Iran has ‘undeniable right’ to pursue peaceful nuclear program, says official

Iran’s chief nuclear negotiator Saeed Jalili says Tehran has a right to develop a peaceful nuclear program. (Reuters)

Iran has the “undeniable right” to uranium enrichment, Tehran’s chief negotiator at talks in Baghdad with world powers, Saeed Jalili, told reporters on Thursday.

Peaceful nuclear energy and uranium enrichment is our “absolute right,” Jalili told a news conference.

“Of the main topics in using peaceful nuclear, energy is the topic of having the nuclear fuel cycle and enrichment. We emphasize this right.

“This is an undeniable right of the Iranian nation ... especially the right to enrich uranium,” Saeed Jalili said during a televised news conference after talks ended.

Enrichment can be used for peaceful purposes but also to build a nuclear weapon, which has sparked international concern over Iran’s nuclear ambitions.

“Significant” differences remain between Iran and six world powers − Britain, China, France, Russia and the United States plus Germany − after two days of talks but there is also common ground, EU foreign policy chief Catherine Ashton said Thursday.

“It is clear that we both want to make progress, and that there is some common ground. However, significant differences remain,” Ashton told a news conference after the two sides agreed to meet again in Moscow on June 18-19.

Ashton spoke after two days of discussions in the Iraqi capital between envoys from Iran and six leading powers to try to defuse Western fears of a covert Iranian effort to develop nuclear bombs.

Iran indicated at the talks in Baghdad it is prepared to address the sensitive issue of getting Tehran to halt its enrichment of uranium to a fissile concentration of 20 percent -- which it started in 2010 and has since sharply expanded -- was a key priority for world powers

“Iran declared its readiness to address the issue of 20-percent enrichment and came with its own five-point plan, including their assertion that we recognize their right to enrichment.”

The lower-grade uranium is the usual level required for nuclear power plants. Iran says it is producing 20 percent uranium to make fuel for a medical research reactor.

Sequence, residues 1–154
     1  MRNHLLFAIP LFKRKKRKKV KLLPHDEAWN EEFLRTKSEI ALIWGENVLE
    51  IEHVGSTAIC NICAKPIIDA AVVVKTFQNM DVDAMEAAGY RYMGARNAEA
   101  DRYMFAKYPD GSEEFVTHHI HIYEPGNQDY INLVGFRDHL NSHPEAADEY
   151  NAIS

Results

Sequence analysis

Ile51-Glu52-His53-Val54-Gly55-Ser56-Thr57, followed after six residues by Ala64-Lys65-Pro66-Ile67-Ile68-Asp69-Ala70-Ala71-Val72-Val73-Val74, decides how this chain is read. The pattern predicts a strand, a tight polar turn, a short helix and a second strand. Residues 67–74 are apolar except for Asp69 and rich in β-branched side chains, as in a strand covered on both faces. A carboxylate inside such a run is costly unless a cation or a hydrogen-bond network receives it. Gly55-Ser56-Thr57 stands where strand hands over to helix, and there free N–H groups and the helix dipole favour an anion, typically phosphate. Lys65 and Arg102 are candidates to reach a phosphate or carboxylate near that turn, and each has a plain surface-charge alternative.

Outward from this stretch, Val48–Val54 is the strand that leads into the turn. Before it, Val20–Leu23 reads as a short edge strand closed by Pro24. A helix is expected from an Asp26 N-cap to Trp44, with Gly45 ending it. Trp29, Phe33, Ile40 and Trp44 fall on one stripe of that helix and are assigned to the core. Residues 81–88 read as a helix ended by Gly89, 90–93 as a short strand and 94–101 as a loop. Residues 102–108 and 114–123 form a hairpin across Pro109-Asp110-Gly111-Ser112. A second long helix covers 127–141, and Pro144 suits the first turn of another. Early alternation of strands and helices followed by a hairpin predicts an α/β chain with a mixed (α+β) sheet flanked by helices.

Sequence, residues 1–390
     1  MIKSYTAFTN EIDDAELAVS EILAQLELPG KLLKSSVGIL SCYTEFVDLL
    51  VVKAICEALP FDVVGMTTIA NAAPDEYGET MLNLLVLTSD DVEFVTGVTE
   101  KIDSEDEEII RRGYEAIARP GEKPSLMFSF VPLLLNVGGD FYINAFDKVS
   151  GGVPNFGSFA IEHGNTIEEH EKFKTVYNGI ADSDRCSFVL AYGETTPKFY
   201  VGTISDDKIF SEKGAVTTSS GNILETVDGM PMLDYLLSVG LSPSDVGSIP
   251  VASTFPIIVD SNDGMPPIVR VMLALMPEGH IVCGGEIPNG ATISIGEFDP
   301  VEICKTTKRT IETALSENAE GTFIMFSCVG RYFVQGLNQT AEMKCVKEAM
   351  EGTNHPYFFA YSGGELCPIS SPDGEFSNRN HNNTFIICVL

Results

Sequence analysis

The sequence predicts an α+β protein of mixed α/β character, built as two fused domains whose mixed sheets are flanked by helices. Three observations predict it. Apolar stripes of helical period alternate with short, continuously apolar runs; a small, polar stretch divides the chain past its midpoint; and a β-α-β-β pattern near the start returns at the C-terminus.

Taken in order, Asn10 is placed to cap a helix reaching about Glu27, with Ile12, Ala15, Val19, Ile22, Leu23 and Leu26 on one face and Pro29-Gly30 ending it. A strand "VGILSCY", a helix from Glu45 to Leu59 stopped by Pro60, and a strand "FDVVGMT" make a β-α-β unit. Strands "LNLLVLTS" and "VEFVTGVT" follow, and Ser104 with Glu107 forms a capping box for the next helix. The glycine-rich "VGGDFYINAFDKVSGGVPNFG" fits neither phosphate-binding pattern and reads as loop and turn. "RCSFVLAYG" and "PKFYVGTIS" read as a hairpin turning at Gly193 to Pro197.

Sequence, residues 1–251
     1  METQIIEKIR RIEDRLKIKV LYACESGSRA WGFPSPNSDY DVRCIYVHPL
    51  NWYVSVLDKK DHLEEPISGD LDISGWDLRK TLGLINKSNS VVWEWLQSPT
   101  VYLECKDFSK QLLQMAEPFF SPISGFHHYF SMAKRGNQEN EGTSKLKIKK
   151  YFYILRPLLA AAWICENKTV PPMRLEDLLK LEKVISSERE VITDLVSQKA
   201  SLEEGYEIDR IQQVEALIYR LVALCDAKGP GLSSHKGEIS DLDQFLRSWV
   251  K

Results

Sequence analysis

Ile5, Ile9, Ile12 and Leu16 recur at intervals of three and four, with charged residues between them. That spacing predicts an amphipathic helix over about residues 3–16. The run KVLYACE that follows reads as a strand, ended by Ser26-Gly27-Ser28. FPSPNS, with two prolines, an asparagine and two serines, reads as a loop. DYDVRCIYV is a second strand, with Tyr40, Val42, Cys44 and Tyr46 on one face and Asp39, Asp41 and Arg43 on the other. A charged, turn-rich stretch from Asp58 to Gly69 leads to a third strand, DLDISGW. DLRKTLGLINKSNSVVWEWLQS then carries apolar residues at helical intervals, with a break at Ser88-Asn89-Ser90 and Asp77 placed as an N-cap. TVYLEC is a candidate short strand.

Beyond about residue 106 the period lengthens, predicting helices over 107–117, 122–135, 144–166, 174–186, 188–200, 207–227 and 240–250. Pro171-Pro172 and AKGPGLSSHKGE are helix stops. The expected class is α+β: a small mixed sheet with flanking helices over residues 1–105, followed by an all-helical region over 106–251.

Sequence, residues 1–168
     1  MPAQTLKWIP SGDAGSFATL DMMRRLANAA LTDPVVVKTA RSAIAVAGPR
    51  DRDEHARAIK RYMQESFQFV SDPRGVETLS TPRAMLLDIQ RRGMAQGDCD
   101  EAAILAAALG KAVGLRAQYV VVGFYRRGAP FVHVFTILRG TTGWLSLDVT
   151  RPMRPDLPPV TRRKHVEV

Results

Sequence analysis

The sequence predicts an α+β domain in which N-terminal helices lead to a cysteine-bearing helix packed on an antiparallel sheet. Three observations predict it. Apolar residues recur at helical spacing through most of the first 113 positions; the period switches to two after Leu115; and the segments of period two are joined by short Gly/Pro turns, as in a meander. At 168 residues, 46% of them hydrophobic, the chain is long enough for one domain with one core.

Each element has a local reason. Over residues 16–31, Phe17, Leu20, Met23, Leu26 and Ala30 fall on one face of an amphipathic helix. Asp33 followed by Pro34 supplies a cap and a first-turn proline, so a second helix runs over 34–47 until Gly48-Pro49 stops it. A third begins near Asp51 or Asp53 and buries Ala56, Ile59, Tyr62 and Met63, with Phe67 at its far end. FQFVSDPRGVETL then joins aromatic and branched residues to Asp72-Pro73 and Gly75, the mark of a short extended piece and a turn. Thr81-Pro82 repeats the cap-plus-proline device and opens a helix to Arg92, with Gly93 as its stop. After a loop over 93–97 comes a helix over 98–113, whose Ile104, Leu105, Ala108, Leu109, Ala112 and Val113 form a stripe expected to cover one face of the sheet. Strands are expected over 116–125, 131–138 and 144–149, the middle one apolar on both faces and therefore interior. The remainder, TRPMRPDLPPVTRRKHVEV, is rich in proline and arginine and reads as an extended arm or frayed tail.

Tough talks aimed at helping resolve the crisis over Iran’s nuclear program entered an unscheduled second day earlier on Thursday with world powers and Tehran seemingly wildly at odds, as a U.N. watchdog report is expected to show that Iran has installed more uranium enrichment centrifuges at an underground site.

“They are positive but this is not our position. We need to find a common base in order to continue the negotiations,” an official with the Iranian delegation at the talks in Baghdad told AFP early on Thursday.

He added that the meeting could wrap up quickly, with the Chinese and Russian delegations keen to leave around that time.

On Wednesday, the P5+1 powers put a new package of proposals on the table that appeared to horrify the Iranians.

The official with the Iranian delegation, who wished to remain anonymous, called for the P5+1 to “revise” the offer, even saying that common ground was “not yet sufficient for another round” of talks after Baghdad.

Reflecting official thinking, Iranian state media, including the Islamic Republic News Agency, all called the proposals “outdated, not comprehensive and unbalanced.”

U.S. sanctions to linger

The United States will not ease sanctions on Iran before a third round of talks between major powers and Iranian officials about Tehran’s nuclear program, U.S. Secretary of State Hillary Clinton said on Thursday.

“As we lay the groundwork for these talks, we will keep up the pressure as part of our dual-track approach. All of our sanctions will remain in place and continue to move forward during this period,” she told reporters in Washington hours after talks between Iran and world powers concluded in Baghdad.

“There are clearly gaps on what each side sees as possible and, you know, we think that the choice is now Iran’s to work to close the gaps,” Clinton said. “It’s very clear that there is a lot of work still to do.

“And yet, at the same time, I have to say that this is the second of two serious meetings after a gap of at least 15 months where there was no contact and no discussion about any of these matters,” she added.

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